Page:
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Profiting from Good Advice

Posted on Friday, April 28, 2017 at 10:00 PM

Editors share the best advice they've ever received.

By William Dunkerley

Steve Jobs once advised, "The only way to do great work is to love what you do."

The chief engagement officer at GateHouse Media, Ken Browall, considers that the best piece of business advice he's ever received. He told Editor & Publisher that for him "the intensity to ... deliver engaging journalism has been a labor of love."

We asked a group of Editors Only readers, "What's the best editorial advice you've ever received?" None quoted Jobs. But you can see from their responses that a passion for doing good work is a motivating force.

Looking over the advice the editors passed on, I see their comments as falling into six categories: simplify, inspire, scrutinize and check, prepare, strategize, and care about the reader.

Simplify

The drive to simplify copy drew the most responses. Here's what editors reported:

"Best advice: Keep it short and get right to the point." --Sara Martin, editor, Monitor on Psychology

"When I was an investigative reporter for a newspaper, my editor, the late Robert E.L. Baker, told me to 'write with a scalpel, not a meat axe.'" --Rick Pullen, editor-in-chief, Leader's Edge magazine

"The best editorial advice I ever got was to KISS it, i.e., 'keep it simple, stupid.'" --Kathleen Flores, director of student publications, University of Texas at El Paso

"Eliminate these two words from everything you edit and your writing will be more concise and more precise: 'there' and 'use' in all variations." --Margaret Hunt, editor, ASM International

"Cut as many words as you can without losing meaning. Then go back and do it again." --Patrick G. Marshall, author

Inspire

"As an editor of magazine stories, what I always want a story to do is move me in some way. There are other parts of the day where I can actually learn something. But when I'm editing a magazine story I'm thinking about what I want the reader to get from it. I want it to be an experience, and what I want most from that experience is to be moved." --David Rowell, deputy editor, The Washington Post Magazine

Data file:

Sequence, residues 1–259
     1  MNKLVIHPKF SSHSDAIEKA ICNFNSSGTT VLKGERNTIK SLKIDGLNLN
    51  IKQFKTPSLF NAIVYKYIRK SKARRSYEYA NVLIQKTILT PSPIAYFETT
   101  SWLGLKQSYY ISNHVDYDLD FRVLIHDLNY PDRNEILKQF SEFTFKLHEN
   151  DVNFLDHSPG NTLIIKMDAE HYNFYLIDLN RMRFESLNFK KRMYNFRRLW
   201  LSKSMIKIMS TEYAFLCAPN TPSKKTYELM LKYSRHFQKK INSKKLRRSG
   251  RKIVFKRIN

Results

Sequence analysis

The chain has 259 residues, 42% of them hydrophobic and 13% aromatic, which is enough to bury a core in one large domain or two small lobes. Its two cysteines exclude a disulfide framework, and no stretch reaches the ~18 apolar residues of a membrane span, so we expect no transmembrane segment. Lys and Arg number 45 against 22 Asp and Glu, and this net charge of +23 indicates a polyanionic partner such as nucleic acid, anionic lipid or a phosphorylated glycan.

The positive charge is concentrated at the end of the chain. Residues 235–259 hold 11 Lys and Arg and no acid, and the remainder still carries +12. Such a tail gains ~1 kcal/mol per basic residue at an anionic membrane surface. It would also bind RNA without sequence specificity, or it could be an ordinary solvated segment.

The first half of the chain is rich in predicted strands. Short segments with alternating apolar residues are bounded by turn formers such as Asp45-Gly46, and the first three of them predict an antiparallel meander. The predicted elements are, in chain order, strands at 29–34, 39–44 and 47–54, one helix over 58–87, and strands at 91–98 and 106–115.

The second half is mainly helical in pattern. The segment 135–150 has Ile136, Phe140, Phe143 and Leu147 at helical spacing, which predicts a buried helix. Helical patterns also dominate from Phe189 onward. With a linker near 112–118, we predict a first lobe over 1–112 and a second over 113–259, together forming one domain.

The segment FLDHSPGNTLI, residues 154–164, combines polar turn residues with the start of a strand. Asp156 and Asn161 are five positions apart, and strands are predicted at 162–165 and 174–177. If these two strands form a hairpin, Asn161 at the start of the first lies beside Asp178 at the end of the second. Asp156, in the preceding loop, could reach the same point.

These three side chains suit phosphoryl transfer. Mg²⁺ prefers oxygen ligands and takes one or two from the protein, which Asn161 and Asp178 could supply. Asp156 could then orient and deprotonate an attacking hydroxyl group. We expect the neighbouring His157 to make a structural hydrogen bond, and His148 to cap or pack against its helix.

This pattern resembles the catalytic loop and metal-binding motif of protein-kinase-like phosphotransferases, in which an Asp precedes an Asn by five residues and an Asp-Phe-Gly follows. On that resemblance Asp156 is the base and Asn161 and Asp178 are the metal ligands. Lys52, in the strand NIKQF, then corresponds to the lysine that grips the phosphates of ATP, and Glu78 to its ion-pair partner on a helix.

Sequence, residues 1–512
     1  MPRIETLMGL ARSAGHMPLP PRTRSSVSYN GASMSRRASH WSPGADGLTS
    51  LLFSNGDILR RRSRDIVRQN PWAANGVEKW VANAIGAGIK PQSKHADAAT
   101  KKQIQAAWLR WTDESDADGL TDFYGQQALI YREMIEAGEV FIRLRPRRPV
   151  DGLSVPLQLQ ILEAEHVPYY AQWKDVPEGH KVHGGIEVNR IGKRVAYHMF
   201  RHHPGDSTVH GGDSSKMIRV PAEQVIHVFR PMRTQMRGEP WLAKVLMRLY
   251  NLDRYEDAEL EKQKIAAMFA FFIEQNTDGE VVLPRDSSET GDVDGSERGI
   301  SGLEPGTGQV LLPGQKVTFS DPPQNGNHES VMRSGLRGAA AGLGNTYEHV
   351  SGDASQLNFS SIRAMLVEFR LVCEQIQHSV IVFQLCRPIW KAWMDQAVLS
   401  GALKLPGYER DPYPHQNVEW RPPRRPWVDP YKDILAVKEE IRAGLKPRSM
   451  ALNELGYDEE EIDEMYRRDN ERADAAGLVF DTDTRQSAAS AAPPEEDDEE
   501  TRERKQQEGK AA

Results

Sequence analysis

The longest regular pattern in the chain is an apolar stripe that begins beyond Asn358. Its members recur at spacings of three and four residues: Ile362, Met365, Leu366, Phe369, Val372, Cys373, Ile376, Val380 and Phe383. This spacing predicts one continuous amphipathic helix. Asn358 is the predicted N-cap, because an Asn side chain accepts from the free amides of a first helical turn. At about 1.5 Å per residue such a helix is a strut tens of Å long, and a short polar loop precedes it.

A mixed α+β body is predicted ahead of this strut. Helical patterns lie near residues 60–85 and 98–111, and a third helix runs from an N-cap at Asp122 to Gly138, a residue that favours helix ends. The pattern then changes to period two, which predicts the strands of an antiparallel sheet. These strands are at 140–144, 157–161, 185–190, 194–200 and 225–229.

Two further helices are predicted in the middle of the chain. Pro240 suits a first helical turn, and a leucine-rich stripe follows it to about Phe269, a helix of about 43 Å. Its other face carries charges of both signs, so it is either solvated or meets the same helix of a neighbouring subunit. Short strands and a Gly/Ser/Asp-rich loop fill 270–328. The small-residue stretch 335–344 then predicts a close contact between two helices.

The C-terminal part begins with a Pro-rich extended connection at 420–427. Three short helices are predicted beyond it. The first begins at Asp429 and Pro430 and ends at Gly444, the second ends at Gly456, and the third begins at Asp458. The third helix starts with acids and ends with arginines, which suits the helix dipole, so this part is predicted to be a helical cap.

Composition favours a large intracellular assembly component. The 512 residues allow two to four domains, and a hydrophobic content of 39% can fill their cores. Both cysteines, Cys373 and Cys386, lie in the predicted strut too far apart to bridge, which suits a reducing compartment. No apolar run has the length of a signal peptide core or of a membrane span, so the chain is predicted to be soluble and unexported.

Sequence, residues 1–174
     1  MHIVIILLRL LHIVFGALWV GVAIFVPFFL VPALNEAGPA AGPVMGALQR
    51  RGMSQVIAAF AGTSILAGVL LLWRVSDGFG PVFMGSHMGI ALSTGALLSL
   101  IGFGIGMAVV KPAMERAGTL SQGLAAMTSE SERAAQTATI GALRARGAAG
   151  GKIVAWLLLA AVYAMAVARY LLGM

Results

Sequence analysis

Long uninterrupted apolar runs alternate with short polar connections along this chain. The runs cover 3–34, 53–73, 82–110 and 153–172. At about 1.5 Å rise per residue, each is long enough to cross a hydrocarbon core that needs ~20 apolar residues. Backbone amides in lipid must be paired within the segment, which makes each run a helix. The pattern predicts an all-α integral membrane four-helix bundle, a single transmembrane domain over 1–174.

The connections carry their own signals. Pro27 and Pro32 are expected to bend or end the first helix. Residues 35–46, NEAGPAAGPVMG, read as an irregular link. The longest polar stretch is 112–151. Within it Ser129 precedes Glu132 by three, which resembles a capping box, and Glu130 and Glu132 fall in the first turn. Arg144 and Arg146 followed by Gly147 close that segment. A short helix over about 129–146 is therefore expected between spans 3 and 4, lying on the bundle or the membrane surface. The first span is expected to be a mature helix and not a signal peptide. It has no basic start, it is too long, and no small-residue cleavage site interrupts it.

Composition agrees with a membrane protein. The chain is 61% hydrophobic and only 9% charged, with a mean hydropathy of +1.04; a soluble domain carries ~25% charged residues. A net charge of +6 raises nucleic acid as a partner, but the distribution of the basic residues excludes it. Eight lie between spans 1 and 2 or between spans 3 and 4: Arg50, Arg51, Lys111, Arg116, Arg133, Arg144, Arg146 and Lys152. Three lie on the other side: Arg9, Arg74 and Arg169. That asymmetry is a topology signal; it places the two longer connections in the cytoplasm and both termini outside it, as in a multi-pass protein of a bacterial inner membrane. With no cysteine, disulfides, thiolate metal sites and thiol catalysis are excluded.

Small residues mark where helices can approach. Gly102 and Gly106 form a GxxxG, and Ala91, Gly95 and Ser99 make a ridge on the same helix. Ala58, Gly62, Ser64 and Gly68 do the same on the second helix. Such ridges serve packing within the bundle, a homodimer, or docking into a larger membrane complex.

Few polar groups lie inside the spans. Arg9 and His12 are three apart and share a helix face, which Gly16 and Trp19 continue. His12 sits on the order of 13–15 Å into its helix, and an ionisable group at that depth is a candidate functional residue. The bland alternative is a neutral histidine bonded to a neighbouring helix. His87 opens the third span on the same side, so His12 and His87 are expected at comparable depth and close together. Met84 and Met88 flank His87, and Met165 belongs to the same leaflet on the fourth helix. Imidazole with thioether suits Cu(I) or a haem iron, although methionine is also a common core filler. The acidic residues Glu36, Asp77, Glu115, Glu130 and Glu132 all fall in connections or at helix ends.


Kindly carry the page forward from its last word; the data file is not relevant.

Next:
Scrutinize and Check

"I was told early on that one of the best traits that a journalist could possess or develop is a 'healthy dose of skepticism.' Not cynicism, but skepticism. And note the important qualifier -- healthy. Don't take information at face value, and always check, check, check it out." --Paul McGrath, assistant news editor, Houston Chronicle

"A piece of advice I received early on, one that I've always kept in mind, is to not assume I automatically know how to spell someone's name because it seems so basic. Always ask. Over the years, I've had countless examples like Smythe, Smith, Smyth, and Joanne, Joann, Joe-anne." --Linda Longo, editorial director, enLIGHTenment

Prepare

"Way back when I was a student working on my college newspaper, I had someone I was interviewing tell me there was only one difference he saw between student reporters and professional reporters. It is not the quality of their writing, but their preparedness. That always stuck with me, and I've always tried to be as prepared as possible for an interview." --Mary Ruth Johnsen, editor, Welding Journal

Inspection Trends

Strategize

"I learned how to write direct marketing copy from the circulation manager at Lakewood Publishing. Her teaching approach was brilliant. She said she would only teach me if I wrote one direct mail letter and she wrote one on the same topic. Then we met at her house, sat at the kitchen table, and she went through the two letters word by word. I later used that letter to successfully promote magazine subscriptions of my own. Every editor should learn how to write direct mail copy. Every word has a purpose." --Lee Knight, editor-in-chief, Exhibitor Media Group

Care about the Reader

"James J. Kilpatrick came to speak at Ohio University, where I was attending back in the late 80s.

"He used an analogy I think of often: Pretend in your writing that you're taking someone around a place you're familiar with. They know nothing about it, and it's up to you to describe it for them.

"Can you put yourself in that reader's place? Will they know where they are by the words you use? What they're doing? Whom they are meeting?

"Editing is just the same. Will the reader understand if I do this? Or that? Or nothing?

"It's all an empathy game.

"Bottom line is: Do you care about that reader? Do you know that reader? Are you sure? And in the end, when you're done, have you taken them somewhere?

"These are the questions to ask." --Peggy Jordan, associate editor, Family Motor Coaching magazine

William Dunkerley is principal of William Dunkerley Publishing Consultants, www.publishinghelp.com.

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